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Arizona Says No to Recreational Marijuana Legalization; Four Other States Say Yes
 
Voters in five states had initiatives on yesterday’s ballots to legalize marijuana for recreational use and in four more states to legalize pot as medicine. Here’s the outcome:

Legalized Marijuana for Recreational Use
   
Arizona

Defeated. Read story here
California
Approved. Read story here.
Maine
Approved. Read story here.
Massachusetts
Approved. Read story here
Nevada
Approved. Read story here.

Legalized Marijuana for Medical Use

Arkansas

Approved. Read story here.
Florida
Approved. Read story here.
Montana
Approved. Read story here.
North Dakota
Approved. Read story here.

Speaking about the recreational votes, Kevin Sabet, co-founder of SAM (Smart Approaches to Marijuana), who also served as a White House drug adviser, said, “Tonight's results were disappointing overall, but given how we were outspent by 15 to 1, not wholly unsurprising."
 
Regarding the medical marijuana votes, Sabet said, "Marijuana may contain medical value, but the whole plant is not medicine. We don't use mold for the benefits of penicillin nor do we smoke opium for the benefits of morphine. These were ill-conceived initiatives meant to act as a first step to full-blown commercial marijuana legalization.”
 
SAM announced that it has raised $1M in pledges for a new Marijuana Accountability Project to hold state officials and the marijuana industry accountable -- by making sure data is collected, municipalities are empowered to ban stores in their neighborhoods, and the industry pays for the damage it does.
 
Read more here.
 
Cannabis Abuse Possible Cause of Psychosis
 
Prior research has shown that people with psychotic disorders use marijuana more frequently than the general population, but researchers are divided on whether marijuana causes psychotic disorders.  
 
Studies on twins can answer such questions because twins have similar genetics, have grown up in the same family, and have the same socioeconomic background.
 
This study, conducted by researchers at the Norwegian Institute of Public Health and colleagues at Virginia Commonwealth University, involved Norwegian twins who were given psychiatric interviews.
 
Researchers found that in twin pairs, a twin with a genetic risk for marijuana abuse had a 3.6 times greater risk developing symptoms of psychosis, compared with the other twin who lacked a risk for marijuana abuse.
 
Even after taking genetic risk and the risk of childhood environment into account, however, those who abuse marijuana still have a multiplied risk for psychosis.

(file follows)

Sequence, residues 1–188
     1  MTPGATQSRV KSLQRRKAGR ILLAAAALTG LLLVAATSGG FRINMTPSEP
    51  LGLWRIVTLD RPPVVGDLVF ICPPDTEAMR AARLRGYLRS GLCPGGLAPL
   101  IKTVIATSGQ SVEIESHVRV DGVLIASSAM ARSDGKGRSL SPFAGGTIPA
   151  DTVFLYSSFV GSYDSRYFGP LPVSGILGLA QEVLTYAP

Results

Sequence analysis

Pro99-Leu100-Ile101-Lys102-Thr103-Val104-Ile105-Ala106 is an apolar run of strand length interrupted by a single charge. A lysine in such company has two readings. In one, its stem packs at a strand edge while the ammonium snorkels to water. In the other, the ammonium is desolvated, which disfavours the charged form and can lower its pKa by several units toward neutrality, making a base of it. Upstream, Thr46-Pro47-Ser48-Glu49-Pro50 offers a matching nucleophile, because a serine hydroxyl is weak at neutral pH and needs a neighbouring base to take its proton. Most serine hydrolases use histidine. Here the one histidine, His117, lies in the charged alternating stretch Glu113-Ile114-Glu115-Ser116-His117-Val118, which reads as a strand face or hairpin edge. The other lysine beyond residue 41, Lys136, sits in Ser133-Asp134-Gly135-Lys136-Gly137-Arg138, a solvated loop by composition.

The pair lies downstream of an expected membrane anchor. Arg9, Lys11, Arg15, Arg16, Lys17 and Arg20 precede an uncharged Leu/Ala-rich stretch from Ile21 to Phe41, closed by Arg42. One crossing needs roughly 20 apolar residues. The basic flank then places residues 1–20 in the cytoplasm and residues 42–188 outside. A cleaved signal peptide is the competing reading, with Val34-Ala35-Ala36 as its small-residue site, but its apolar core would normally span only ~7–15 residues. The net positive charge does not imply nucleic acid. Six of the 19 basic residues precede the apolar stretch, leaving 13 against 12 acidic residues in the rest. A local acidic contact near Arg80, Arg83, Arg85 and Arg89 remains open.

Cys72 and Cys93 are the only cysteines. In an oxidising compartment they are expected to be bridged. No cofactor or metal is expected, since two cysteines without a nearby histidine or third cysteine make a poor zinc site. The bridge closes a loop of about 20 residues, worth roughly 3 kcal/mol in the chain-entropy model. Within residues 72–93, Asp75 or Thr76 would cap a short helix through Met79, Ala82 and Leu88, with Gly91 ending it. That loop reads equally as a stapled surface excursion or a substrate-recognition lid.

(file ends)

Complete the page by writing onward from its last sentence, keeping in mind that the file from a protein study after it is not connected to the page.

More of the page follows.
The researchers say these findings should be considered when evaluating the costs of making marijuana more available via legalization.
 
Read more here. Read study abstract here.
 
Teen Use of Opioids Linked to Marijuana
 
Adolescents who use opioid painkillers with or without a prescription also often use marijuana, another new study finds. Researchers analyzed data from 11,000 teens ages 10 to 18 in ten US cities. The young people were asked whether they had used prescription opioids in the past 30 days and whether they ever used marijuana.
 
Of the 524 who reported using prescription opioids in the past 30 says, 80 percent had also used marijuana. Of those who used opioids without a prescription in the past 30 days, 88 percent also used pot.
 
Moreover, teens who used alcohol or tobacco in addition to opioids were even more likely to use marijuana. Opioid users who also used alcohol were 10 times more likely to use marijuana too, compared to those who didn’t use alcohol recently. And opioid users who smoked tobacco were 24 times more likely to have used marijuana as those who didn’t smoke.
 
Read more about this study here.

The Marijuana Report is a weekly e-newsletter published by National Families in Action in partnership with SAM (Smart Approaches to Marijuana). Visit our website, The Marijuana Report.Org, to learn more about the marijuana story unfolding across the nation.
 
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About National Families in Action (NFIA)
NFIA consists of families, scientists, business leaders, physicians, addiction specialists, policymakers, and others committed to protecting children from addictive drugs. Our vision is:
  • Healthy, drug-free kids
  • Nurturing, addiction-free families
  • Scientifically accurate information and education
  • A nation free of Big Marijuana
  • Smart, safe, FDA-approved medicines developed from the cannabis plant (and other plants) 
  • Expanded access to medicines in FDA clinical trials for children with epilepsy 
About SAM (Smart Approaches to Marijuana)
SAM is a nonpartisan alliance of lawmakers, scientists and other concerned citizens who want to move beyond simplistic discussions of "incarceration versus legalization" when discussing marijuana use and instead focus on practical changes in marijuana policy that neither demonizes users nor legalizes the drug. SAM supports a treatment, health-first marijuana policy.  SAM has four main goals:
  • To inform public policy with the science of today's marijuana.
  • To reduce the unintended consequences of current marijuana policies, such as lifelong stigma due to arrest.
  • To prevent the establishment of "Big Marijuana" - and a 21st-Century tobacco industry that would market marijuana to children.
  • To promote research of marijuana's medical properties and produce, non-smoked, non-psychoactive pharmacy-attainable medications.
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